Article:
In the 1960s, English mathematician Roger Penrose came up with the idea of singularity.
A singularity occurs when an object becomes smaller and smaller from being crushed but does not lose any matter.
Even the atoms and subatomic particles are crushed. The process continues indefinitely until the object is infinitely small and infinitely dense.
Astronomers believed collapsing stars might form a singularity called a black hole.
A black hole would have unusual properties. Its tremendous density and small size would mean that the force of gravity at the surface is so powerful that anything entering the black hole, even light, would be trapped.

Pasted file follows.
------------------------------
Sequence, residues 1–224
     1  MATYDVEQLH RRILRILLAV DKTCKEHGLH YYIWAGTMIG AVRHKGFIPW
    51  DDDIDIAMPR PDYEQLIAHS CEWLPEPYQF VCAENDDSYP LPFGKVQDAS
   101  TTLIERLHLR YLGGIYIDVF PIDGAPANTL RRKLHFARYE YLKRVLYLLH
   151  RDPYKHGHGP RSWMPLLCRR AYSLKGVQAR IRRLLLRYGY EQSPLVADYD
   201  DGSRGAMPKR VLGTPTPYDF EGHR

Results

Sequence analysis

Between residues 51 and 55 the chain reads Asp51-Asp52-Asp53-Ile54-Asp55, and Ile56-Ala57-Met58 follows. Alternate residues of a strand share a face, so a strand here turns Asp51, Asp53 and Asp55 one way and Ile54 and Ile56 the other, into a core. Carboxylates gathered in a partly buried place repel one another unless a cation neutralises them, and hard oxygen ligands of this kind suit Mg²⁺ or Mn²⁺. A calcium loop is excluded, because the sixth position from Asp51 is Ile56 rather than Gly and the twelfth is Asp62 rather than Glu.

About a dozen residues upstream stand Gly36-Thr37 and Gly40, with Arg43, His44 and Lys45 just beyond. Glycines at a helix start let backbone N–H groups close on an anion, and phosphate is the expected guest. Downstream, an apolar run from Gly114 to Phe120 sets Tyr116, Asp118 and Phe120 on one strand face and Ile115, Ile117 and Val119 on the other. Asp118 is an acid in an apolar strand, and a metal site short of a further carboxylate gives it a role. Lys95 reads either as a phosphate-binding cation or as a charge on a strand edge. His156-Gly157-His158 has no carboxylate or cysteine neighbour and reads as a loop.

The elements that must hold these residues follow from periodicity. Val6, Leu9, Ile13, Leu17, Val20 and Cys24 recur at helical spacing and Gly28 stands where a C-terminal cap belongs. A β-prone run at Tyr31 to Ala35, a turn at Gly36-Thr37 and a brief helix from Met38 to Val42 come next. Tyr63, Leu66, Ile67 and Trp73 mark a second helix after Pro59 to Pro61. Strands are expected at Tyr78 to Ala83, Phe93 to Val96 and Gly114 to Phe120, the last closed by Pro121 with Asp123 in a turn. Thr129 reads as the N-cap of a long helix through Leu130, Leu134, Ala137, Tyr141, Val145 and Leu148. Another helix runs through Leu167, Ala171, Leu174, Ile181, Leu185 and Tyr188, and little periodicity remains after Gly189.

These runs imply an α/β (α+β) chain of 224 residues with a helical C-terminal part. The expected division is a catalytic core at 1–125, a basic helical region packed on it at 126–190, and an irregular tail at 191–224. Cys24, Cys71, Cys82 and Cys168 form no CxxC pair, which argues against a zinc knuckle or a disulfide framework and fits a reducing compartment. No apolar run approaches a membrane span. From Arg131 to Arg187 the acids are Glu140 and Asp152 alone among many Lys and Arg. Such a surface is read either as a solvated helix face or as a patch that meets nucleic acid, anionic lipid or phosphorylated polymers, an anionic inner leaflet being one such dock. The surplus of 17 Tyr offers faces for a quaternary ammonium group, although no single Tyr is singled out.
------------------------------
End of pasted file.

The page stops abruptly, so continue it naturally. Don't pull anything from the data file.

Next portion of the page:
Space would bend around a black hole so completely that the result would be either nothingness or a separate universe with unknown physical laws.
Black holes became more of a reality when astronomers started discovering mysterious objects in the outer limits of the universe, some 12 billion light-years away.
These objects, called quasars, were producing incredible amounts of energy. Their masses were calculated at 100 million times more than the mass of our Sun.
It is now believed that these quasars might be black holes forming from the crushing, or contraction, of entire galaxies.
Hawking believes that there are also mini-black holes, smaller than the size of an atom. When they emit radiation, they evaporate and explode.